The British Dietetic Association (BDA) recommends eating two portions of fish a week, of which, one should be oily fish, such as salmon or mackerel. However, since there is no specific recommendation of a dose for Omega-3 for the general population, it is extremely difficult to understand if you are consuming enough of the right Omegas.
We all want to look good throughout the year and summer represents a fresh new beginning, where we start to take off our winter layers. Summer's lighter layers and looks however remind us that the stodgy food of the festive cold season has left us with unwanted weight gain and dull looking skin, hair and eyes.
I highly recommend ensuring pregnant women increase their omega 3 levels, and work towards a healthier balance of omega 3 to omega 6 as this has been shown to increase our brain power, sleep and mood, and may help us fight any addictive tendencies. However, there is a concern from some readers, especially when pregnant, that eating too much fish (one of the most common sources of Omega 3) can be risky.
We are often told that we should cut right down on fats. But there are two types of fats that are absolutely essential for our diets - both rather unimaginatively called Essential Fatty Acids or EFAs... the huge increase in mental health issues such as depression, Alzheimer's, ADHD and addiction - believing our poor nutrition is largely to blame.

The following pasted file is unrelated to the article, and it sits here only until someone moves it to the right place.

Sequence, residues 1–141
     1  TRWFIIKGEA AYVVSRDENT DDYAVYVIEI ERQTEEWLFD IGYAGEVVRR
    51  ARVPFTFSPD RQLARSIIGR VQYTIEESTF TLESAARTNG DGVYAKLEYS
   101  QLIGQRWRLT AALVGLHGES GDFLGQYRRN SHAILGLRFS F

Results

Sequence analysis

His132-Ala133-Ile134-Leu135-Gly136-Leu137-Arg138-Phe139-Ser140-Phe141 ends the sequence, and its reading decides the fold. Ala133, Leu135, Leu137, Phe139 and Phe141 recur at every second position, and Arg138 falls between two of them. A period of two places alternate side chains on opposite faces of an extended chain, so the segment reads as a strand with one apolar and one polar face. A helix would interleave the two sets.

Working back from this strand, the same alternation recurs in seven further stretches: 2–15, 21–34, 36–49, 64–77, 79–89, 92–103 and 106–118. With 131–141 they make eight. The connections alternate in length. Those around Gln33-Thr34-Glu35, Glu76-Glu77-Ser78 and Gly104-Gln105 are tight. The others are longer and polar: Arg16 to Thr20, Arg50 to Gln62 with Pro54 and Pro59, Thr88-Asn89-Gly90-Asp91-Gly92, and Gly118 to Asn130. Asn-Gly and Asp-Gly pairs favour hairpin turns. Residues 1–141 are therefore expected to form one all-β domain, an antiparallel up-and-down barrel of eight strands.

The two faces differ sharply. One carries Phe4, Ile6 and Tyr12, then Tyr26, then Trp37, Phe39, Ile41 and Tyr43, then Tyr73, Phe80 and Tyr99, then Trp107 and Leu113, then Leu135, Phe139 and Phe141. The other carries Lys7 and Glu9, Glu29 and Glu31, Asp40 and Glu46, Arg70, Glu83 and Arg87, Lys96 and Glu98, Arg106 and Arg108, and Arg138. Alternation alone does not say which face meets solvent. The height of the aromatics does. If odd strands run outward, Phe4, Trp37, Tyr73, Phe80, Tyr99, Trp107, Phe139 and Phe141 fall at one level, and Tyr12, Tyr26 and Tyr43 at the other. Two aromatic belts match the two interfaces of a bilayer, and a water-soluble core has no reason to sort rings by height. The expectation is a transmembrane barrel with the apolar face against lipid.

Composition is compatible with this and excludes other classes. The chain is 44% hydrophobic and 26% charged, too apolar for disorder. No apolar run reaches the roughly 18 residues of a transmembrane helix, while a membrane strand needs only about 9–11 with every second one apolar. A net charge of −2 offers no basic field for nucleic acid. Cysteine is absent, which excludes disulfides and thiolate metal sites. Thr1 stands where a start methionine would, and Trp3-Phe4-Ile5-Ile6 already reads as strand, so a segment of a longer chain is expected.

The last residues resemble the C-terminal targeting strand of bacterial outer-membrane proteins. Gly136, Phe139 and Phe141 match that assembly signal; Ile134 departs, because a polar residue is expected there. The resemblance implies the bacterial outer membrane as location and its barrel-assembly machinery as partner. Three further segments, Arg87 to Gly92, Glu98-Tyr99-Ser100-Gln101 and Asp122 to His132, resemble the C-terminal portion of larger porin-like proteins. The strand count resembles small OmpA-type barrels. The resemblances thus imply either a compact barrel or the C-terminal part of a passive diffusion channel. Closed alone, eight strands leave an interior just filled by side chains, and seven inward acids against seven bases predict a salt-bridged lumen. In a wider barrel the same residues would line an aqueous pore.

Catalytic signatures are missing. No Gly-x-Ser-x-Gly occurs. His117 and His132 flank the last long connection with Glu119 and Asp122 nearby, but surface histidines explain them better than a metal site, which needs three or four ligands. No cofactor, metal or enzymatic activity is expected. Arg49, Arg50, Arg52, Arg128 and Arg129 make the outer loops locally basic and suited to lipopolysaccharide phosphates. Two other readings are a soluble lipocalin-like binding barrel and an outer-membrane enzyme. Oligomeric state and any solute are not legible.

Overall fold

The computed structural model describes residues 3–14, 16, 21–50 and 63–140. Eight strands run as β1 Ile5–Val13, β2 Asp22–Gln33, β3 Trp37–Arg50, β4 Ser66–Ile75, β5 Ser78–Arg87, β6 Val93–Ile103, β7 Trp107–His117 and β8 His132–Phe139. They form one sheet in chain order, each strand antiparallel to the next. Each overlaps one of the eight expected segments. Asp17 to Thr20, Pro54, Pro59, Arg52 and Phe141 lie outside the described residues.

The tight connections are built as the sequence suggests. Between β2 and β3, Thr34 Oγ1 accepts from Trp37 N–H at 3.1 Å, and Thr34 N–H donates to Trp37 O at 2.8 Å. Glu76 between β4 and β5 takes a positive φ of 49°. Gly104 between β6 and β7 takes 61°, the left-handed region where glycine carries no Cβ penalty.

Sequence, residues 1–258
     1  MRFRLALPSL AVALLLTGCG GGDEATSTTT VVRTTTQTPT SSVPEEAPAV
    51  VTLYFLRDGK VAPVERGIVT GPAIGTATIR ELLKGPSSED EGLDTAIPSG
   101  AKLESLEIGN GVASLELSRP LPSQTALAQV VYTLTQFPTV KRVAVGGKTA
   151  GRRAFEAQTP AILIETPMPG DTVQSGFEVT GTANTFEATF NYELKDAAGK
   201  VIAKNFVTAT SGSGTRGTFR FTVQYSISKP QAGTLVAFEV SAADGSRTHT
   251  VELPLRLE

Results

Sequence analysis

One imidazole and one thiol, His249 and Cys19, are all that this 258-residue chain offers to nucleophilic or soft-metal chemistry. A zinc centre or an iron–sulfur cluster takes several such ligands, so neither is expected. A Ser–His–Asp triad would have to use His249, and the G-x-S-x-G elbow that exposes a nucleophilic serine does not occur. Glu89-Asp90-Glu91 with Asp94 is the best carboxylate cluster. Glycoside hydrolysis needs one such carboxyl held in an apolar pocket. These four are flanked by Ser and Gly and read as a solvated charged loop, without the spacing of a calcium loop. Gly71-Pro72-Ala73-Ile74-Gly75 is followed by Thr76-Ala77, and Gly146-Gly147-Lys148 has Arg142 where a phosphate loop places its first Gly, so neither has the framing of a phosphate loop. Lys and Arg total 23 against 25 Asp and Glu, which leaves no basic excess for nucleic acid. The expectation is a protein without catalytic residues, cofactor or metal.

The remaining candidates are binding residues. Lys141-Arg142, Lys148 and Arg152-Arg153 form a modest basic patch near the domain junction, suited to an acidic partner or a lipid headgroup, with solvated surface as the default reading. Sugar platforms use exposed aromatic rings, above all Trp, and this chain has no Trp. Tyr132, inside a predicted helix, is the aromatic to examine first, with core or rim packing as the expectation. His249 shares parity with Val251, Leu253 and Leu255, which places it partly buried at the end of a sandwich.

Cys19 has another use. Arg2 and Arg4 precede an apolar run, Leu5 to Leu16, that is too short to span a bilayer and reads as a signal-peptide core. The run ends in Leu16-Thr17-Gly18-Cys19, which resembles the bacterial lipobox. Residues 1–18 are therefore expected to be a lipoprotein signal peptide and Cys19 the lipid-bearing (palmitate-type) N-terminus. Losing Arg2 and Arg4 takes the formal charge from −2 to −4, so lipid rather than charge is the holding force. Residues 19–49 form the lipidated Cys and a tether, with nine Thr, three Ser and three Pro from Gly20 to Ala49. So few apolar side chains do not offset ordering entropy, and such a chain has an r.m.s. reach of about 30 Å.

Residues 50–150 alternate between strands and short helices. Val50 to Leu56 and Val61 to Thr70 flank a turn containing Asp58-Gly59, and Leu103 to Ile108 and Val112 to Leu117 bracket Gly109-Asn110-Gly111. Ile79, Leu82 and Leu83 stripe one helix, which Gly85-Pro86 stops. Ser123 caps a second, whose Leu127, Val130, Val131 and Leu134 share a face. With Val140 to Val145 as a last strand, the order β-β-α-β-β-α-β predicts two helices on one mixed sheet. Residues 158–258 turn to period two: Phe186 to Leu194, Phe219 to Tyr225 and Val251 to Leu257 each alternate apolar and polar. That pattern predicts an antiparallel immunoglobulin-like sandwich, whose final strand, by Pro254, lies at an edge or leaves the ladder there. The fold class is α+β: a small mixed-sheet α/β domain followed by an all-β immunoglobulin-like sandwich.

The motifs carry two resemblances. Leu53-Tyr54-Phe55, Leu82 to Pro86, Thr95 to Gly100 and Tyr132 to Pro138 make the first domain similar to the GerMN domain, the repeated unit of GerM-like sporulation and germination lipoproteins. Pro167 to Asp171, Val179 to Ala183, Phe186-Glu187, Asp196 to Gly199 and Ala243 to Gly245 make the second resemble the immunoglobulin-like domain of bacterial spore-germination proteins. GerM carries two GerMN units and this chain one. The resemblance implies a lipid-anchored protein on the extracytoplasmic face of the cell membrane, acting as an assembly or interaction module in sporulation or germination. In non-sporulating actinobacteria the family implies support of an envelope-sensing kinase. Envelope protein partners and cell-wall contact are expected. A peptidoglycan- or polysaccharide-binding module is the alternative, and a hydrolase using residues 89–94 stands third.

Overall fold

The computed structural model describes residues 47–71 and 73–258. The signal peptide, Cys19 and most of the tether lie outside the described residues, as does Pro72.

Cholesterol is the single greatest risk factor for coronary heart disease (CHD), responsible for nearly half of all heart disease-related deaths in the UK. Cholesterol is also a major risk factor in stroke, contributing to a higher risk of cardiovascular disease associated with diabetes and obesity.
I regularly enjoy steamed foods with liberal amounts of healthy fat applied post-cooking. My primary fat sources include coconut, butter, olive oil, avocados, and full-fat fermented dairy (yogurt and kefir). In my opinion, smoke point proclamations give the impression that refined PUFAs are safe and omega-6-rich diets are healthy. The science suggests otherwise.
The All Black rugby player had been locked in his room for days, shutting out all contact with friends, family and fellow players. It was 4am when he finally picked up the phone to call a helpline. The reply at the other end was simple, "hello friend". It started a process that led to therapy that has been helping to change the life of Brent Pope for many years.
There is a widespread belief among experts that nutrition and diet influences cognitive function in a number of ways; nutrients such as certain types of fats and vitamins have a positive effect as do eating habits such as starting the day with a healthy breakfast, whilst excessive amounts of sugar can cause problems.